Despite being a major vector for the land-ocean transport of materials, the role of groundwater in oceanic elemental mass balances has been poorly characterized. And where groundwater has been explicitly considered, most studies have not quantified the importance of chemical transformations that occur during the mixing of meteoric water with saline pore water (the “subterranean estuary”) prior to surface water discharge. This proposal will examine the importance of coastal hydrogeology on the flux of trace elements and nutrients from subterranean estuaries (STEs). In order to accurately quantify the impact of STEs on global biogeochemical cycles, we must understand reactions in, and fluxes from, a wide range of coastal geomorphologies. In this work, we propose to address the following key questions:
Subterranean Estuary Geochemistry
1. How does coastal hydrogeology influence the fluxes of trace elements into and out of subterranean estuaries?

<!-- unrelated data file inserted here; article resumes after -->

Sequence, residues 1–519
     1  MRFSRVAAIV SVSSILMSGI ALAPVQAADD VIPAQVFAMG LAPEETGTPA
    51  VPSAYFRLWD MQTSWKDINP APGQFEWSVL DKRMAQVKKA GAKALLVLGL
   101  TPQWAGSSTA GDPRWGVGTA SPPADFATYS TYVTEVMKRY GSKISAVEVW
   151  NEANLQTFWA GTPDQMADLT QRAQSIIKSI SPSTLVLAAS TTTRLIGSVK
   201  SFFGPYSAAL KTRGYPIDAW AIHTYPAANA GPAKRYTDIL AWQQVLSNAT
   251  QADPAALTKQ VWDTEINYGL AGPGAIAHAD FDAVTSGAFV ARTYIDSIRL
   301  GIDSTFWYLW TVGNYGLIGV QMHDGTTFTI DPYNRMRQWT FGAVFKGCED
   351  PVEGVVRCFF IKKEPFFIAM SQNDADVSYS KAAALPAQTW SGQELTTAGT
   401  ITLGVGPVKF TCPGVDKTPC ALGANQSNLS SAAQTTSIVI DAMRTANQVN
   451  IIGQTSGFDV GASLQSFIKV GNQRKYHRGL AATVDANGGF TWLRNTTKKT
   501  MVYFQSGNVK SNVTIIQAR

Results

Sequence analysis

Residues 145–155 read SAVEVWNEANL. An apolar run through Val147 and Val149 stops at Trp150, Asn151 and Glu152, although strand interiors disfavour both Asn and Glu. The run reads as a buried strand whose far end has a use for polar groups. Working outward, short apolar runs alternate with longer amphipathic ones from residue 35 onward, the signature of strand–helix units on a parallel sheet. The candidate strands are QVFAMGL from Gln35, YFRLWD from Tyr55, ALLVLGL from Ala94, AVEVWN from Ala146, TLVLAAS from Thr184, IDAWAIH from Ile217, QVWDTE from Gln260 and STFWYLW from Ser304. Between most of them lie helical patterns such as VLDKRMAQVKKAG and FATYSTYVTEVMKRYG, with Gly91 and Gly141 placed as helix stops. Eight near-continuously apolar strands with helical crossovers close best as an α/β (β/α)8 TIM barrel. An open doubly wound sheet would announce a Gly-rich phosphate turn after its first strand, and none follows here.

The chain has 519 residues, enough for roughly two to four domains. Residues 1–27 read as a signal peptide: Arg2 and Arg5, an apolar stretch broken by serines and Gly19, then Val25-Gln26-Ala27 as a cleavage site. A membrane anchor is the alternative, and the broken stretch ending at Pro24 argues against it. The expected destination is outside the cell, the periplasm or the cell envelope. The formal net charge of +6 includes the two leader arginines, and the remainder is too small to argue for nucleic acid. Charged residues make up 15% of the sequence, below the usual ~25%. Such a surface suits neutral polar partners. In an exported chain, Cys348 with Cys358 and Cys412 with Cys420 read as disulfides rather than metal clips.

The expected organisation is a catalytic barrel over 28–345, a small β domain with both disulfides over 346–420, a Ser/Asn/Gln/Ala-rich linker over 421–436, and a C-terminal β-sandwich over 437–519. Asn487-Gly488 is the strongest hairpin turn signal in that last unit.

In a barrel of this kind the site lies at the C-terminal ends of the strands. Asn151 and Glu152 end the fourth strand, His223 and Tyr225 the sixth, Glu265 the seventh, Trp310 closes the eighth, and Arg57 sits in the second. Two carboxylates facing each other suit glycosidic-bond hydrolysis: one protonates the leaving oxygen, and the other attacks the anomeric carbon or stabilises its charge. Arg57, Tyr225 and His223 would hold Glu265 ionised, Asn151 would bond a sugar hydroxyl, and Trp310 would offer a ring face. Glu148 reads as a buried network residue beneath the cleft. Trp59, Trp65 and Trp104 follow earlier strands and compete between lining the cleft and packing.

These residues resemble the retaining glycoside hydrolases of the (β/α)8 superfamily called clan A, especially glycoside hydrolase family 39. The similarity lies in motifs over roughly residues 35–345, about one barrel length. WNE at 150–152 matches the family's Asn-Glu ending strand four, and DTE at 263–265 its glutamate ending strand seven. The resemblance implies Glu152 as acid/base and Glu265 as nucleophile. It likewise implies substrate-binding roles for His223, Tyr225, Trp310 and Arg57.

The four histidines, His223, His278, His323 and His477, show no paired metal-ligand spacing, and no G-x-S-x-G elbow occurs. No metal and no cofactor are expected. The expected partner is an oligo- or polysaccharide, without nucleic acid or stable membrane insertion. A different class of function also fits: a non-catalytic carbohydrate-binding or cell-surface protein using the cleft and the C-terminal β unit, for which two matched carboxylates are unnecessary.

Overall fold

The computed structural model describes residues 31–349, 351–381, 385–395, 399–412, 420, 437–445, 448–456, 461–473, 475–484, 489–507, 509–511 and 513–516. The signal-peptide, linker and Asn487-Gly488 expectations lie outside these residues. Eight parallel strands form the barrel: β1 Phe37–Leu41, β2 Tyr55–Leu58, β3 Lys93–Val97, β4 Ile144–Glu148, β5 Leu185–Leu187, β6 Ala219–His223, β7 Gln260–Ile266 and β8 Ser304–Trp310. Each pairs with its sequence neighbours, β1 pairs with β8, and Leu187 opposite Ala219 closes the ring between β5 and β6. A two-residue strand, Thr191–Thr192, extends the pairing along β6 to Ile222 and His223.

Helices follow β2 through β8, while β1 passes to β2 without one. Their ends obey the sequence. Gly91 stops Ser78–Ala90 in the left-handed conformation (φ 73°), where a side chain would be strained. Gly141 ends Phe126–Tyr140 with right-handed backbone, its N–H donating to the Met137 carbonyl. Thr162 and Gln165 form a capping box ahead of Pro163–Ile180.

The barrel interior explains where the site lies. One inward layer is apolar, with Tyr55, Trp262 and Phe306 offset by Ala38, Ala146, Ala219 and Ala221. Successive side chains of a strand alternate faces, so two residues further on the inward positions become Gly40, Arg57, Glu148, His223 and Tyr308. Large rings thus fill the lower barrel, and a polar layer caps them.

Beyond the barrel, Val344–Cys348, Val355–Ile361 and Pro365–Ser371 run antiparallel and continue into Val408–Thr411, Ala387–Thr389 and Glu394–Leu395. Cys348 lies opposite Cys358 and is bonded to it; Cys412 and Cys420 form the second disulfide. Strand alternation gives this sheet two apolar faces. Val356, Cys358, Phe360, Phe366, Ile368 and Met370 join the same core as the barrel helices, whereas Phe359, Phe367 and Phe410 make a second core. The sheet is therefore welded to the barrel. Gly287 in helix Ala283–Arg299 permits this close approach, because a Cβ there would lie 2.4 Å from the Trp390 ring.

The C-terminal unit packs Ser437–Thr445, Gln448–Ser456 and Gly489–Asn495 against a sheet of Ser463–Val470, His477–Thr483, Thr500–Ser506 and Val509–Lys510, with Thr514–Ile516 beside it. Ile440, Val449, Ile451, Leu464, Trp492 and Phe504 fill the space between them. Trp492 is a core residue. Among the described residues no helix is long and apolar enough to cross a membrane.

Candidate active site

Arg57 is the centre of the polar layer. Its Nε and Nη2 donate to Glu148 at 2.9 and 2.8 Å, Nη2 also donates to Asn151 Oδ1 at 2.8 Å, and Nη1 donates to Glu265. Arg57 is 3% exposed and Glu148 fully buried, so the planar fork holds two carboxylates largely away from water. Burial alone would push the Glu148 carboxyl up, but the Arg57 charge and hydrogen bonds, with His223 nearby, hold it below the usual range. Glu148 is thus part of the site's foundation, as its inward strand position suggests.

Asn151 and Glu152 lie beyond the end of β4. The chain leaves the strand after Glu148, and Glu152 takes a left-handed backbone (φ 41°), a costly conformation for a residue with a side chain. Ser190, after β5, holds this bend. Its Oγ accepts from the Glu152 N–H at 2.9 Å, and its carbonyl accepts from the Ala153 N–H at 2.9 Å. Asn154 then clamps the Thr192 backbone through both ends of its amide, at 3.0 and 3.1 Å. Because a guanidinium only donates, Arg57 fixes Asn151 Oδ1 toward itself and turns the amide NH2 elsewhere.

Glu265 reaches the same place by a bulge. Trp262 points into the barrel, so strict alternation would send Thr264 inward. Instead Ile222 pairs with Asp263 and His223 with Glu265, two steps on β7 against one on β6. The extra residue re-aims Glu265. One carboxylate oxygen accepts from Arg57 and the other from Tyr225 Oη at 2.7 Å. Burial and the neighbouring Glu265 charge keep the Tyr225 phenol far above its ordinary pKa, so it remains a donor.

-we propose a study of four STEs on the basis of their hydrological and geological characteristics: (1) karst (Yucatan Peninsula, Mexico); (2) fractured bedrock (Ubatuba, Brazil); and (3) ocean island (a) volcanic and (b) carbonate platform (Guam). These sites were chosen to span a range of rock type, rainfall, and aquifer residence time.
2. What effect do these fluxes have on the mass balance of trace elements in the global ocean?
-in addition to sampling within the STE, we will use radium isotopes and radon to quantify the flux of trace elements to the coastal ocean. By sampling each of these sites on a seasonal basis, we propose to scale the local fluxes to the global estimates using a coastal typology database.
This research is supported by NSF.
Last updated: October 16, 2008